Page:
I would have learned it four days ago, but I was busy this weekend, and I like my internet kerfuffles a few days stale, like the bread you make puddings and strata out of. Either way, the source of my education was a CNN column by someone named Joe Peacock on the imminent cultural threat of attractive women in Joe Peacock’s domain who might not be as into stuff as Joe Peacock is, as well as the commentary stemming from the predictably extensive reaction. Most of what I learned is from the original Peacock piece, though I got additional education from various comments.
- Actually being paid for sex, being paid for being sexually attractive in connection with a product, and getting attention for being attractive are all pretty much the same thing: whoring.
- Men automatically ranking women on a numbered scale of attractiveness is just a normal regular thing because of caveman biology, but attractive women only paying sexual attention to men they themselves find attractive is damn near a hate crime.
- Apparently Olivia Munn existing and having a career is such a terrible thing that people on the internet will actually use “because Olivia Munn” as some sort of commonly recognized shorthand for the tragedy that is whores (see first point) in geekdom.
- A woman getting more attention than her attractiveness number objectively warrants is terrible.
- Women will spend up to thousands of dollars and up to hundreds of hours of work, with up to a whole year in advance commitment, planning, and preparation, for the primary purpose of going to major cons to be attractive at people they have no intention of paying sexual attention to. This is self-evidently the height of pleasurable activity.
- Being only sort of into something and interacting socially with people who are more into it than you is a horrific trick you’re playing on them. I’m glad I learned this before I interacted socially with any more shooters, punks, or science fiction fans; think of the damage prevented.
- Geeky men are never attractive. Sexual interest in them by women is always a feigned ploy to gain pure ego gratification.
- Your attractiveness and interests are fixed traits determined in junior high school. Any attempt to venture beyond these boundaries in adulthood are a loathsome act of treason and manipulation.
- Geek culture is defined by alienation and outsiderhood, which is why CNN considers it culturally relevant enough to have a dedicated column about.
- People deliberately and with malice aforethought seeking to sell things to geeks for money are evil, particularly in a universe in which Hollywood spends squidillions of dollars on making giant, lovingly constructed comic book movie franchises. People who attempt to use sex to sell things to people who habitually rank strange women on numerical scales are particularly evil, akin to feeding Superman a dish of Kryptonite stew.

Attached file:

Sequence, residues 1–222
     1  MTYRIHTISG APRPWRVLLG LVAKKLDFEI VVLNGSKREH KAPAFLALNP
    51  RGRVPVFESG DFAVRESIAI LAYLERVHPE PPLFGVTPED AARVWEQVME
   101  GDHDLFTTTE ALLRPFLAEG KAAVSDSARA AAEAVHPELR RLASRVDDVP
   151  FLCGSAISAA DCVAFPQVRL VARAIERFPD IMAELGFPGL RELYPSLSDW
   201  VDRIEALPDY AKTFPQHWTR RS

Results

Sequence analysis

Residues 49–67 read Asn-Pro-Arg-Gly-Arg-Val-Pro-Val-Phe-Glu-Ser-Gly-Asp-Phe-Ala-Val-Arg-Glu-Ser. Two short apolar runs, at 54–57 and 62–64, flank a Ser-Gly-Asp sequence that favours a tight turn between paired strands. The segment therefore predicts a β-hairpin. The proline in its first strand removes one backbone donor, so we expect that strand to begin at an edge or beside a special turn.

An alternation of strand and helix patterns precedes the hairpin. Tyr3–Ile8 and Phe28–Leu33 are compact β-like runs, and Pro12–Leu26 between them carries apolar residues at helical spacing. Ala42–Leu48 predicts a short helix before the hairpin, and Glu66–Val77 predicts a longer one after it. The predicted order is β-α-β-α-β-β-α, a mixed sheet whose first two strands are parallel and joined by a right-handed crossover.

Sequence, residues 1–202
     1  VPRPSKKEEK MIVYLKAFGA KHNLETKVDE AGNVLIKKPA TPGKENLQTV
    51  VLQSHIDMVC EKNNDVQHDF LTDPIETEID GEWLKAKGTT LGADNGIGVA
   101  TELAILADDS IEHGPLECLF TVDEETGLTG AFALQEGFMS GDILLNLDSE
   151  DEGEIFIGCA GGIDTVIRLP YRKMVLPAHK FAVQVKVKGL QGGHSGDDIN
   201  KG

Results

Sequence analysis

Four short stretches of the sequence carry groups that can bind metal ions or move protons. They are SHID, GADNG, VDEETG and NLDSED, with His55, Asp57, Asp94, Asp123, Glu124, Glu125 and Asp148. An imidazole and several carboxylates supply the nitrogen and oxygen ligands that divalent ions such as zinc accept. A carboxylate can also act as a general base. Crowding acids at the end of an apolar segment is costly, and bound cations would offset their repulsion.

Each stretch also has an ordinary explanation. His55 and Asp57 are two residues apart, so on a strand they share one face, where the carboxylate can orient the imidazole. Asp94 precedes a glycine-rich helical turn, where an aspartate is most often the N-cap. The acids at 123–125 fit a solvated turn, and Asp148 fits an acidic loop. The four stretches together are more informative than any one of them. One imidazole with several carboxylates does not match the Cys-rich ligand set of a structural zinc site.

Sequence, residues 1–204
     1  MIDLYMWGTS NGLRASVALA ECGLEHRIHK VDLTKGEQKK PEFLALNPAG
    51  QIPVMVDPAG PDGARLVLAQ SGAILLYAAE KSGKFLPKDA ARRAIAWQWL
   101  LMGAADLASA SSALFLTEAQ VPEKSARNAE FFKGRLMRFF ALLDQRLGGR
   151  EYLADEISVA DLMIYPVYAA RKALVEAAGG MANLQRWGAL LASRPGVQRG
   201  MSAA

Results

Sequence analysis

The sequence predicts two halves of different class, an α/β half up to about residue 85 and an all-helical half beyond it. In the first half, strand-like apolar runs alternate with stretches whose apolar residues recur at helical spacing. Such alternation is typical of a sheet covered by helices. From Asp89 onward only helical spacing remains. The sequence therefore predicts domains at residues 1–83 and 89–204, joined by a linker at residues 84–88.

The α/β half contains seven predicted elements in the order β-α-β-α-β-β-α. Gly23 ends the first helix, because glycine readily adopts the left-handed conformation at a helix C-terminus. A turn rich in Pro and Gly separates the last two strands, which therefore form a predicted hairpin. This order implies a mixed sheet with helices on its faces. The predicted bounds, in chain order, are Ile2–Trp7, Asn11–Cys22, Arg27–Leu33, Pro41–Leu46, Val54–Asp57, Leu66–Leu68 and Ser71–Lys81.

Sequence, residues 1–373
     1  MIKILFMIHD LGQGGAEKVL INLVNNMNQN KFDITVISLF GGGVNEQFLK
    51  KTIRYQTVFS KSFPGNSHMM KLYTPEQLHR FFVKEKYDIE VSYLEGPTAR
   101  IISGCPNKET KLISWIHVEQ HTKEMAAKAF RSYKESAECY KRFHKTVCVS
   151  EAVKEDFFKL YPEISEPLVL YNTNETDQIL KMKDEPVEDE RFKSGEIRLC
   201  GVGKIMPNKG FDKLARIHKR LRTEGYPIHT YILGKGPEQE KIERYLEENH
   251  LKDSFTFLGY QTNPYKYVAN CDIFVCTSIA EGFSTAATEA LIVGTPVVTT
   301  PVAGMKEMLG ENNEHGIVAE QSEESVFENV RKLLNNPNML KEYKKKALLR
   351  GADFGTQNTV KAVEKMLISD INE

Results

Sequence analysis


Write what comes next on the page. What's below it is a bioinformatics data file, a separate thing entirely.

- Having attractive female friends is the new having gay friends, which was the new having black friends.
- It’s okay to be a female geek, with no necessity to pass litmus tests not to be considered a whore, if you are ugly. (This is not as comforting as it sounds like it must be.)
- Feeling alienated and picked on for your intense pop culture issues as a child was an awful experience, which is why having any of those interests achieve mainstream cultural popularity is the most traumatic thing that could happen to you now. (Things that were never popular in mainstream culture, apparently: Batman, Star Wars, Star Trek, video games, Lord of the Rings, cartoons.)
- It is possible to be aware of Fat, Ugly, or Slutty and to complain about women who go around being attractive at men and getting attention from them they don’t really deserve with no hint of felt cognitive dissonance.
- Also, if you’re a girl, and you play video games, and you aren’t ugly, and you get sexual attention from geeky men out of proportion to how you stack up against really hot girls, you should expect to get misogynistic threats and insults for doing so. Because you’re pretty much just as bad.
- Not being sexually interested in someone who shares interests you have at least lightly, yet resents you virulently for attracting them, is probably about finding those interests gross if indulged in any less moderation.
I’d go fret over the exact messages my t-shirts send and angst about my number and whether I really deserved any of the thousands of social interactions I’ve had with people who shared interests I had passionately or moderately or barely, but I’ve decided my answer to the quandaries raised is “holy shit I’m not in junior high anymore, and I don’t have to care.”